Lebanon’s government will disburse USD 15 million to temporarily resolve growing bread shortages in the country, according to information Reuters has obtained from the Economy Minister Amin Salam. The funds would only last a few weeks, however.
The news agency reported there were long lines outside bakeries across the country after industry insiders warned that the government had not extended a long-promised credit line for the subsidized good. Salam told Reuters that the government was not currently considering lifting bread subsidies and would instead seek a USD 150 million agreement with the World Bank to improve food security because in the long term “we won’t be able to subsidize anything, much less bread”.
Lebanon is heavily reliant on food imports and pays for them in dollars, which have become increasingly difficult to obtain since its economy crashed in 2019.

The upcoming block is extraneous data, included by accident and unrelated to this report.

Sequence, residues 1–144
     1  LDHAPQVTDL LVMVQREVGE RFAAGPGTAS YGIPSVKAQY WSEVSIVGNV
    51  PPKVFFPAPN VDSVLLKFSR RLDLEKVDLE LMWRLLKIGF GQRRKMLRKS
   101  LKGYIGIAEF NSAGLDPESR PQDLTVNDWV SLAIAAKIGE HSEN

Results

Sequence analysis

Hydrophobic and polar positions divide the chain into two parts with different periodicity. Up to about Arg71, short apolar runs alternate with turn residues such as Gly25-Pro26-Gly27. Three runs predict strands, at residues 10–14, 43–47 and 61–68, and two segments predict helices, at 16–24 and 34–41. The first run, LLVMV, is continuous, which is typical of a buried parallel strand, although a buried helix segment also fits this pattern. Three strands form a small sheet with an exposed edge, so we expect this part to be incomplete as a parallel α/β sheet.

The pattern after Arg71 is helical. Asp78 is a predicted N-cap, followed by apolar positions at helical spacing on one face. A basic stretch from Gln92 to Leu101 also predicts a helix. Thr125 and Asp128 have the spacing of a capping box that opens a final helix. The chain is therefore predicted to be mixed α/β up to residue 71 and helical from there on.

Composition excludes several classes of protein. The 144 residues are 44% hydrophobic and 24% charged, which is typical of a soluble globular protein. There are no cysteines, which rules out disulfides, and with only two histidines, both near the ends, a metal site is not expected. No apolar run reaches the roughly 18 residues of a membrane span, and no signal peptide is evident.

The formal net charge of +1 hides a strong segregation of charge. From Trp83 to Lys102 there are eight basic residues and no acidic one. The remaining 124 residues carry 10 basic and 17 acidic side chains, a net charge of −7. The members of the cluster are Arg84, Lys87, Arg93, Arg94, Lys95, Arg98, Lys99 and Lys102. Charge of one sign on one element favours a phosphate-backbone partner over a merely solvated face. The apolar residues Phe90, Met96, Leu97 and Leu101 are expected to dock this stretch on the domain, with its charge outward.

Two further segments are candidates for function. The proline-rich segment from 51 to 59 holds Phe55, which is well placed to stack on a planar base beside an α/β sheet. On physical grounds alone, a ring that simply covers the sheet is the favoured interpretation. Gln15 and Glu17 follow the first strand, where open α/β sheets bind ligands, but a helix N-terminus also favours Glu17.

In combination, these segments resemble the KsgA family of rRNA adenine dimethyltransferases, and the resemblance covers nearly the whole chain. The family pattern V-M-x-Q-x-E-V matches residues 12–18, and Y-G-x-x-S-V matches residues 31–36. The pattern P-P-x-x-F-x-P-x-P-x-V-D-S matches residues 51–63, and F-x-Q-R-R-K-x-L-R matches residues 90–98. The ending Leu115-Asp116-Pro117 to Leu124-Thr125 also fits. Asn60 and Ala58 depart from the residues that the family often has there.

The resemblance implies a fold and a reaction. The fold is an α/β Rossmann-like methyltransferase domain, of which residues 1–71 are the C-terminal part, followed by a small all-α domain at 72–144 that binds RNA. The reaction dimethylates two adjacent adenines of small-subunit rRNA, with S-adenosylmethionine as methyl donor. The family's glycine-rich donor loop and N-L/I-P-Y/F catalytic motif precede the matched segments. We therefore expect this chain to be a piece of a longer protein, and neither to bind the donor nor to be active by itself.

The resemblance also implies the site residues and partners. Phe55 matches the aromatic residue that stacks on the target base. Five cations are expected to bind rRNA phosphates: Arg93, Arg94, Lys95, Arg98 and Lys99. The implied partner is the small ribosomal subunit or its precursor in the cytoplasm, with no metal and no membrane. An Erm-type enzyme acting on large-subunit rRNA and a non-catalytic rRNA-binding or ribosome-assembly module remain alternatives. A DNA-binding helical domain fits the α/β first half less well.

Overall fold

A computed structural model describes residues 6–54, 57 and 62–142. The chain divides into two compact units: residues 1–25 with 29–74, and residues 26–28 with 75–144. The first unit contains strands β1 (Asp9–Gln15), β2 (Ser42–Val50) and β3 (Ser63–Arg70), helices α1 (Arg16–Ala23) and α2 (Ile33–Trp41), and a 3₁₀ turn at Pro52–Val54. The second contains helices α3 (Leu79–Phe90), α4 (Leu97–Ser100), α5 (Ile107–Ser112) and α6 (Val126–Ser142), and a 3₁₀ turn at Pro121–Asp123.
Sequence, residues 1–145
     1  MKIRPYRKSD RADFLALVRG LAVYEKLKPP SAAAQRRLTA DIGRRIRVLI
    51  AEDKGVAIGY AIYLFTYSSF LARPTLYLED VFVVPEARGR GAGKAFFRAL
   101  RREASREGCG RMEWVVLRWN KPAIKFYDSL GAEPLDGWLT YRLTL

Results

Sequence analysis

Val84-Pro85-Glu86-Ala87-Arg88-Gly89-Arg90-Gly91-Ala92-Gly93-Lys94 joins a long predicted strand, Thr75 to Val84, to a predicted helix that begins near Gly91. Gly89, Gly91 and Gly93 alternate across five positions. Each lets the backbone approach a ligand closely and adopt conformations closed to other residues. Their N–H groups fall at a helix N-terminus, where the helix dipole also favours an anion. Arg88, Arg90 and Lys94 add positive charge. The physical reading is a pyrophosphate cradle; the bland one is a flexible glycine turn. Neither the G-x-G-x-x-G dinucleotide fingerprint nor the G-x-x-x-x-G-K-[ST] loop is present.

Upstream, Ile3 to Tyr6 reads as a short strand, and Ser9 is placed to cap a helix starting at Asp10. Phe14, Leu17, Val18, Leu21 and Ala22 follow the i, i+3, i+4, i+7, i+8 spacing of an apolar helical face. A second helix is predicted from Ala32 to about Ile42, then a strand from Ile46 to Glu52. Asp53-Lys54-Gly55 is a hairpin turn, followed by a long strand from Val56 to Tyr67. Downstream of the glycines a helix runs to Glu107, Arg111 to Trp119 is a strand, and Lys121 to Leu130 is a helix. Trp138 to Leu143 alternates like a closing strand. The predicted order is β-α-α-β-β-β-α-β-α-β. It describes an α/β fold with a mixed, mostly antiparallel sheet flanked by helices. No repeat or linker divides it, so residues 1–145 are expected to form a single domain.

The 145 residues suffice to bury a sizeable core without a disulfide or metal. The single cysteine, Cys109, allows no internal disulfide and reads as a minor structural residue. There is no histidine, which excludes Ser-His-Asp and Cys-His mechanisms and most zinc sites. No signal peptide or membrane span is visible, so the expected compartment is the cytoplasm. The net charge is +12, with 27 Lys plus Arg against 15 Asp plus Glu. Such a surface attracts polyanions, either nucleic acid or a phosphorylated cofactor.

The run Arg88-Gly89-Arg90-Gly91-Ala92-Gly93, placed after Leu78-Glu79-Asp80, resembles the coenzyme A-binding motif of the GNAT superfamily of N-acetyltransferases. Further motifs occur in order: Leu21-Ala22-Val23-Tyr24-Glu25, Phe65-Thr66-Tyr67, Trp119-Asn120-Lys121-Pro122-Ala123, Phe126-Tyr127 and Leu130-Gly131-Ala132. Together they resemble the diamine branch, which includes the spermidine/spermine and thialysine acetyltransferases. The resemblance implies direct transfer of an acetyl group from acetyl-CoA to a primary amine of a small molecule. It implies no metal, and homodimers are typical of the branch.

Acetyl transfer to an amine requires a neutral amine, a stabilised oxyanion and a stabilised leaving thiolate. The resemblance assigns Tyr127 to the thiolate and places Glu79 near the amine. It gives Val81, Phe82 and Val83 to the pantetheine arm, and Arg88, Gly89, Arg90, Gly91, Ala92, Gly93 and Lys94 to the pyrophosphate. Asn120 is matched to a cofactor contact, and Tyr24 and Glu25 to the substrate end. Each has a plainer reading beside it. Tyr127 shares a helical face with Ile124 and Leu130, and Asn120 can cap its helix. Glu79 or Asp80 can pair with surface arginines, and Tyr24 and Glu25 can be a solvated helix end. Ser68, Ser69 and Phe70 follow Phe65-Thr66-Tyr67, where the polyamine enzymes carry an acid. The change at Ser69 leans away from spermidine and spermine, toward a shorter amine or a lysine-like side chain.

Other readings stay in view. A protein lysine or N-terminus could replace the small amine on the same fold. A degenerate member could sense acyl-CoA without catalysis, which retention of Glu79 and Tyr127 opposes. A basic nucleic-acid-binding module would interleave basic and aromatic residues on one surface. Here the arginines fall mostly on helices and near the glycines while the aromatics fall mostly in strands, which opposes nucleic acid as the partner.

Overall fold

The war in Ukraine has worsened the country’s bread shortage, as Ukraine normally supplies most of Lebanon’s wheat. Moreover, Beirut’s largest silos were destroyed in the 2020 port blast, so reserves cannot be stored.
“We don’t have silos and we don’t have money,” said Ghassan Bou Habib, vice president of Wooden Bakery, one of the country’s largest bakery networks. “Bread will become a luxury item – it will become an expensive commodity,” Reuters quotes.
Photo: Byblos, Lebanon (credit: Pexels)